Flu Season Still in Full Swing

Flu Season Still in Full Swing. (reblogged from Blogadillo)

With flu season still in swing, itÔÇÖs more important than ever to get that flu shot and practice good health behavior! As of the week ending on January 4, 2014 at least?á35 states are now showing widespread geographic influenza activity?áaccording to the Centers for Disease Control and Prevention (CDC). In addition to the activity across the country,?áevery state in the South Central Region?áis showing the highest level of influenza activity. The unusually high number of those affected by the flu prompted the CDC to issue an official health advisory notice to clinicians.

The?áhealth advisory notice?ástates

From November through December 2013, CDC has received a number of reports of severe respiratory illness among young and middle-aged adults, many of whom were infected with influenza A (H1N1) pdm09 (pH1N1) virus.?áMultiple pH1N1-associated hospitalizations, including many requiring intensive care unit (ICU) admission, and some fatalities have been reported. The pH1N1 virus that emerged in 2009 caused more illness in children and young adults, compared to older adults, although severe illness was seen in all age groups.

One common misconception of the flu is that fatalities are more likely to occur in the very young and very oldÔÇôthis is not the case with the pH1N1 strain. According to the?áInfluenza Associated Hospitalizations?áin the CDC FluView Weekly Index, those ages 18-64 account for 61% of hospitalizations. This means everyone is at risk for catching the flu, regardless of age and health status. Despite these numbers, those in 18-64 age range are still the?áleast likely to get vaccinated.

To do your part in preventing the spread of flu germs, here are the CDCÔÇÖs?áGood Health Habit tips:

1. Avoid close contact.
Avoid close contact with people who are sick. When you are sick, keep your distance from others to protect them from getting sick too.
2. Stay home when you are sick.
If possible, stay home from work, school, and errands when you are sick. You will help prevent others from catching your illness.
3. Cover your mouth and nose.
Cover your mouth and nose with a tissue when coughing or sneezing. It may prevent those around you from getting sick.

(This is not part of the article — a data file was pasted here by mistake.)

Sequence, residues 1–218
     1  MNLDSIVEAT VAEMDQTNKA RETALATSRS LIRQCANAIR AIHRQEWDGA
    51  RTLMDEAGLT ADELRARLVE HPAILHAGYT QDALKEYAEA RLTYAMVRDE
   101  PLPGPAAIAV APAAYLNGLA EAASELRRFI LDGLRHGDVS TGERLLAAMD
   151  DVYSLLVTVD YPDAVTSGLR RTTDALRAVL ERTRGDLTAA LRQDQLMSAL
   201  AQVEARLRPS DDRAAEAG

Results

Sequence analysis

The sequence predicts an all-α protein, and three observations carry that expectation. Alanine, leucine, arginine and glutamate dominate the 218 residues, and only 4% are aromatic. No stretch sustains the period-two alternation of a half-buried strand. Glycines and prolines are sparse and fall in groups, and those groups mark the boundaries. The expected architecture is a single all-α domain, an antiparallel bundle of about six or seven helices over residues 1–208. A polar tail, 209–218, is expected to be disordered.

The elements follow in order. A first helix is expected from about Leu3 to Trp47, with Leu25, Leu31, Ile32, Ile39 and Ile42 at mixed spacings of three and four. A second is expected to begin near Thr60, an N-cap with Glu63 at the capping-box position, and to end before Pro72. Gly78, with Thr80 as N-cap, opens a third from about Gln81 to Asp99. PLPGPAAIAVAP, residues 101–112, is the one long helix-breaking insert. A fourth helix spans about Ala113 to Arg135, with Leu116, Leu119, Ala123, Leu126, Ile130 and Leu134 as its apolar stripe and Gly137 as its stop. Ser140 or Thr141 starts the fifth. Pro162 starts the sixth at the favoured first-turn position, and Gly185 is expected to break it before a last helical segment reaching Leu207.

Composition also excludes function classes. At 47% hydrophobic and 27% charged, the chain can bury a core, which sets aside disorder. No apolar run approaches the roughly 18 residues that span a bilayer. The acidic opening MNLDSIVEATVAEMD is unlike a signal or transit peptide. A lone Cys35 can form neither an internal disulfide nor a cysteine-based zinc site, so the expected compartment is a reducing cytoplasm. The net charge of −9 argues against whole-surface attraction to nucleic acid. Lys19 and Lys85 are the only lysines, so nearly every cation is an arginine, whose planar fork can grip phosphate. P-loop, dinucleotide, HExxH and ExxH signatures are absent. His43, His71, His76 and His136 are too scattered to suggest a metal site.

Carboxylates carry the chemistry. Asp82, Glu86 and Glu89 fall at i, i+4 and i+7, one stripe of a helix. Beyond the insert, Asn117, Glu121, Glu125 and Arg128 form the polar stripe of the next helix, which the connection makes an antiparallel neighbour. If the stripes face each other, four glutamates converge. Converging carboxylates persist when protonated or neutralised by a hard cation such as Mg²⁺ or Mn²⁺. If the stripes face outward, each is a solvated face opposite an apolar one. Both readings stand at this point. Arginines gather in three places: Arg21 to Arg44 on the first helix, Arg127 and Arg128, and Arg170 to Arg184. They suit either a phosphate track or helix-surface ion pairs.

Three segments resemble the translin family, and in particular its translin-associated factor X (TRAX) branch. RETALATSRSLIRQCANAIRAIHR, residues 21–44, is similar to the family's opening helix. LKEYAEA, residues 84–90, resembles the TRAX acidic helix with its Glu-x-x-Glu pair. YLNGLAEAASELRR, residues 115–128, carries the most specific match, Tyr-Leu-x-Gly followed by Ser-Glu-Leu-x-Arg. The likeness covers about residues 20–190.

4. Clean your hands.
Washing your hands often will help protect you from germs. If soap and water are not available, use an alcohol-based hand rub.
5. Avoid touching your eyes, nose or mouth.
Germs are often spread when a person touches something that is contaminated with germs and then touches his or her eyes, nose, or mouth.
6. Practice other good health habits.
Clean and disinfect frequently touched surfaces at home, work or school, especially when someone is ill. Get plenty of sleep, be physically active, manage your stress, drink plenty of fluids, and eat nutritious food.

Flu Shots

Flu shots will be offered to LSUHSC New Orleans faculty, staff and students during the first week of October, brought to you by the School of Nursing. This year the flu shot will be administered in one dose and will help protect you and others against H3N2, influenza B, and the H1N1 viruses.

Those who should avoid vaccinations are:

  • Infants under 6 months of age
  • People with egg allergies
  • People who have had a severe reaction to a flu vaccine in the past
  • People with a mild to severe illness
  • People who have developed Guillain-Barre Syndrome within 6 weeks of getting the flu vaccine

What: Flu Shots
When: October 6th, 7th & 8th b/w 9am ÔÇô 2:30pm
Where: School of Nursing ÔÇô Room 5B12 (5th floor)
Cost: $15.00 for faculty & staff; payable to LSUHSC-NO by check or money order (Cost is free for students)

Swine flu rap